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Logistics process planning

Logistics process planning starts with the supplier and takes into consideration the
entire logistical chain, all the way up to handover of the final product to the customer.
Both the complete material flow and the flow of information are planned logistically.
This includes upstream logistics functions such as distribution center management,
WOW (warehouse on wheels), container yards, trailer yards, consignment stores,
transshipment points, hubs, and consolidation centers as well as all stages of the
material flow from warehouse planning, picking, and sequencing to intra-company
transportation, production supply, packaging, and shipping.

In the area of logistics process planning, Ingenics is able to cover and plan the entire
spectrum of services, or just parts of the whole chain. The challenge always lies in the
complexity of logistics processes and the specific requirements that exist in terms of
performance and flexibility. The aim is therefore first to gain an overview of the complexity
and then to develop efficient logistics processes that meet the requirements. Furthermore, it is
important to find the simplest possible solutions to integrate employees into the system and to
involve them in planning processes.

A comprehensive spectrum of services

With the support of a holistic range of services, Ingenics is also able to help your company
obtain an overview of the overall chain with its various strengths and weaknesses. Only by
clearly setting out the overall context is it possible to describe points of contact with the level
of accuracy needed to find the right IT support for individual processes, for instance. At
Ingenics, planning is done according to the line-back principle, taking into account costeffectiveness and lean principles.

At the same time, the experts at Ingenics also define the supply chain for you using standard
forms of delivery. Suppliers are selected based on functional, logistical, and financial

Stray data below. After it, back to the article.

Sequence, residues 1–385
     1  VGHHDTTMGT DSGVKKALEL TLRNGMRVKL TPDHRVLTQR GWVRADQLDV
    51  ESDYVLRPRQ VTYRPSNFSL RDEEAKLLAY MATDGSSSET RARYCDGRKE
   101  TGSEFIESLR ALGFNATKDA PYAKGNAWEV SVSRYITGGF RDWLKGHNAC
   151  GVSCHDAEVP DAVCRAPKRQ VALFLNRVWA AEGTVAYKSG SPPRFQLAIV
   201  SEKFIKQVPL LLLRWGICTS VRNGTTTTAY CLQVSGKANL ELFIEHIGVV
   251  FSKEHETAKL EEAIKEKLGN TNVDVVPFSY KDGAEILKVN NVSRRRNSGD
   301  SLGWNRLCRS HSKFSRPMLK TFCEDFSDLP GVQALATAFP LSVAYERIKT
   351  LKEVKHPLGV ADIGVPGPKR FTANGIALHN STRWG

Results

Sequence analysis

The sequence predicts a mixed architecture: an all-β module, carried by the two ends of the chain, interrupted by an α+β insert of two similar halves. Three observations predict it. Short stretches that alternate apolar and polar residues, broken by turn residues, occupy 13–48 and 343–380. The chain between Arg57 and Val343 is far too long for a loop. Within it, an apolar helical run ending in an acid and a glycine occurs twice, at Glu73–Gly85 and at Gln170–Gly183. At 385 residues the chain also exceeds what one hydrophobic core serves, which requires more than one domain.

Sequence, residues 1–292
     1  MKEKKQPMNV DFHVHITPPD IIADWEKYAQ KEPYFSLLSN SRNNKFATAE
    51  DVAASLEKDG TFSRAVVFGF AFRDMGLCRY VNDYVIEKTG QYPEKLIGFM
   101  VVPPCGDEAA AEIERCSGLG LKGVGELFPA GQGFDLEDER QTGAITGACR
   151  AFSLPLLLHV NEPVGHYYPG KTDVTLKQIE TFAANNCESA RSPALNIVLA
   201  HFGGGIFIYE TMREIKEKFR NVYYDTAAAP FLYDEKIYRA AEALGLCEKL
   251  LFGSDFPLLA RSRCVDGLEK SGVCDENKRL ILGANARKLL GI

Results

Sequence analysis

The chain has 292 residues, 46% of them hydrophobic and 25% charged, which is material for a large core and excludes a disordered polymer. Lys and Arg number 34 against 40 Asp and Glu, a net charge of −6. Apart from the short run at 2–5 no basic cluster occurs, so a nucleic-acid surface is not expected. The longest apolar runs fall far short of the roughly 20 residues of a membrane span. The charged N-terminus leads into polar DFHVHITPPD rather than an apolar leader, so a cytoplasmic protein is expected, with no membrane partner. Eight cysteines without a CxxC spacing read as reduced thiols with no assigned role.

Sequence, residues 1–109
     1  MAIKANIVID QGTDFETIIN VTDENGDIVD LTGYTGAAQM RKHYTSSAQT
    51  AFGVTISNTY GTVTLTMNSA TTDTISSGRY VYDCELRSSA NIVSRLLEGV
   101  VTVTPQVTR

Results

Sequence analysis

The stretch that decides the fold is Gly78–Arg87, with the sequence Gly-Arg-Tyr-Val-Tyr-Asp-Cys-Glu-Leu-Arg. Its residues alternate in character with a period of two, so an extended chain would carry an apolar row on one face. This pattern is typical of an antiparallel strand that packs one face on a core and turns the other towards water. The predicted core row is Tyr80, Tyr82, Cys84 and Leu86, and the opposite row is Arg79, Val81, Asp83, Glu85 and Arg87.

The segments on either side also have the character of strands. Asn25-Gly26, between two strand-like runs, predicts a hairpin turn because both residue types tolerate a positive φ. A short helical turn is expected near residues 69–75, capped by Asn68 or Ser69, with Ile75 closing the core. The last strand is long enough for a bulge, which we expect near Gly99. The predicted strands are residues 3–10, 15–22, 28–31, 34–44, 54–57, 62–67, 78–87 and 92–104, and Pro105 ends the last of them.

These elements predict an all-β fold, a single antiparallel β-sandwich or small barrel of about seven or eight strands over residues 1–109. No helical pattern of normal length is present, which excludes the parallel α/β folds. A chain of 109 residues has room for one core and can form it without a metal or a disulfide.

considerations. The provision of part families is planned in line with production

Independently of this, Ingenics is a strong partner for your business when it comes to defining
internal transportation and transport frequency as well as the warehouse and picking concept,
the flow of information, and the IT requirements for the entire supply chain. Last but not
least, space and resource planning also rank among the core competencies of the experts at
Ingenics, including an economic feasibility study and process descriptions for each standard
delivery process.

Key steps for your logistics process planning

Of course, logistics process planning also allows you to benefit from a systematic
approach following the line-back principle as well as the independent experience gained
by Ingenics and to use tried-and-true tools for fast and efficient processing. Here is a
summary of the most important steps:

Exact task description and project definition

Needs analysis

Definition of the supply chain and standard forms of delivery

Supplier selection based on functional, logistical, and financial considerations

Provision planning for part families in line with production requirements

Definition of internal transportation and transport frequency

Definition of the warehouse and picking concept

Definition of the information flow and IT requirements

Space and resource planning, including an economic feasibility study

Process descriptions for each standard delivery process

An individual concept with the desired granularity

The result of all these steps should be an individual concept that offers the desired level of
granularity general or detailed planning, in other words. With this in mind, the following
aspects are of particular importance as regards content:

Defined standard forms of delivery for part families

Descriptions of processes and information flows

Definition of technology for three areas: warehouse, transportation, and the provision
of information

Economic feasibility and utility study


In summary, Ingenics is the perfect partner for your complete logistics process planning.
Planning and implementation from a single source reduces communication loss,
misunderstandings, and costly rounds of coordination. Furthermore, the experts at Ingenics
have many years of experience, providing them with the necessary understanding when it
comes to the needs of all planning partners and future operators alike. This promises